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The Domain Name System (DNS) translates the names of websites to their underlying IP addresses, making the process more efficient and providing an additional layer of protection.
Even though the Domain Name System (DNS) is one of the pillars of the Internet, the vast majority of individuals who are not involved in networking probably aren't aware that they use it every day to perform their jobs, and check their email, or waste time on their cellphones.
At its most fundamental level, the Domain Name System (DNS) is a directory of names that correspond with numbers. In this instance, the numbers represent Internet Protocol (IP) addresses, which are how computers communicate with one another. The most common way to explain DNS is by comparing it to a phone book, which is appropriate for anyone older than 30 who is familiar with the concept of a phone book.
If you are under the age of 30, think of DNS as being comparable to the contact list on your smartphone. This list associates the names of individuals with their respective phone numbers and email addresses. After that, multiply that contact list by all the other people on the earth.
When fewer individuals and devices connected to the Internet, it was much simpler for users to associate particular IP addresses with specific computers. However, this association became increasingly difficult as the size of the Internet continued to rise. It is still possible to enter a particular IP address into a web browser to visit a website; however, back then, just as they do now, people desired a speech that consisted of words that were simpler to remember and were of the type that we would now refer to as a domain name (such as networkworld.com). Elizabeth Feinler at Stanford was responsible for allocating those names and addresses back in the 1970s and early 1980s. She kept a master list of every machine connected to the Internet in a text file known as HOSTS.TXT.
This was an impossible position to maintain as the Internet continued to grow, not the least of which was that Feinler would only accept inquiries before 6 p.m. local time in California and take time off for the holidays. In 1983, a researcher at the University of Southern California named Paul Mockapetris was entrusted with coming up with a compromise among numerous options for dealing with the situation. He did not consider any of them and instead devised his system, which he called DNS. Even while it has certainly undergone a great deal of change ever since then, the core of how it operates is virtually the same as how it did about four decades ago.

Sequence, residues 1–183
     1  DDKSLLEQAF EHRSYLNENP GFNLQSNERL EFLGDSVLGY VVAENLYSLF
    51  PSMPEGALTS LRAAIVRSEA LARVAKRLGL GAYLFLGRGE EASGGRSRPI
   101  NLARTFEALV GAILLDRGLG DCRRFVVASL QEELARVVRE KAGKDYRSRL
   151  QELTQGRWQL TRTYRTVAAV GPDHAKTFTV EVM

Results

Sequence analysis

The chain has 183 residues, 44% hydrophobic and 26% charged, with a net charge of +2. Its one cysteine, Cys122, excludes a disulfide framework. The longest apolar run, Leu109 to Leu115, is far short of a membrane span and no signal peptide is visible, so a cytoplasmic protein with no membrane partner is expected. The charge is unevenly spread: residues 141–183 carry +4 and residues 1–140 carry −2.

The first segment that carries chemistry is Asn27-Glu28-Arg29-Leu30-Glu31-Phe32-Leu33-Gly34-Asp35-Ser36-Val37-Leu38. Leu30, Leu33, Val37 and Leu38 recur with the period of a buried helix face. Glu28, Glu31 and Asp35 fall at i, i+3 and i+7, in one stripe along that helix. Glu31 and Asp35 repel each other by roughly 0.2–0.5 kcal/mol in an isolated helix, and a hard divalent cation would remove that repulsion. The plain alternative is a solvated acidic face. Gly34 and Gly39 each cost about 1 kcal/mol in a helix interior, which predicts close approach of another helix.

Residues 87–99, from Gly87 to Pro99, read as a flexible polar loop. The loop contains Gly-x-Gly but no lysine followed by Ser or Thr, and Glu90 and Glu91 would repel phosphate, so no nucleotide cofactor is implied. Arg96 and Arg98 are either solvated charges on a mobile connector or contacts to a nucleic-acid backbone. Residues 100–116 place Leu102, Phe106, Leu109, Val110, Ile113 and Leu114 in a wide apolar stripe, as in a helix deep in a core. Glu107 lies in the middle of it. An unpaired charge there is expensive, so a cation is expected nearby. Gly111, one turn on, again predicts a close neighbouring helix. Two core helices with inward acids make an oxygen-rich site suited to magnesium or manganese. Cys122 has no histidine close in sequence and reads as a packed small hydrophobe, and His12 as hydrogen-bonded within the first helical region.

There is not a single location on the Internet that houses the DNS directory that is responsible for making the connection between names and numbers. At the end of 2017, more than 332 million domain names were listed, meaning that a single directory would be extremely vast. Much like the Internet, the guide is dispersed across the globe. It is kept on domain name servers, more commonly abbreviated as DNS servers. These DNS servers maintain constant communication to ensure that all information is current and that there are backups available.
DNS servers can be divided into two categories: authoritative and recursive.
Your computer will initially send a request to a recursive DNS server, sometimes referred to as a recursive resolver, whenever it is trying to determine the IP address associated with a certain domain name. A recursive resolver is a type of server typically run by an Internet service provider (ISP) or another type of third-party provider. This type of server can determine which additional DNS servers it needs to query to match the name of a website with its corresponding IP address. Authoritative DNS servers are servers with the required information stored on them.
Multiple Internet Protocol addresses can be associated with a single domain. Some websites have hundreds or even thousands of IP addresses, each corresponding to a particular domain name. For instance, if you type "www.google.com" into your browser, your computer will connect to a server that is most likely entirely different from the one that someone in a foreign country would connect to if they typed the same site name into their browser.
If there were only one location for the directory, then the time it would take for you to get a response when you were looking for a site would be significantly longer if there was only one location for the directory to be shared among the millions, or probably billions, of people who were also looking for information at the same time. Because of this, the directory is distributed across multiple locations. A very big line of people is waiting to use the phone book.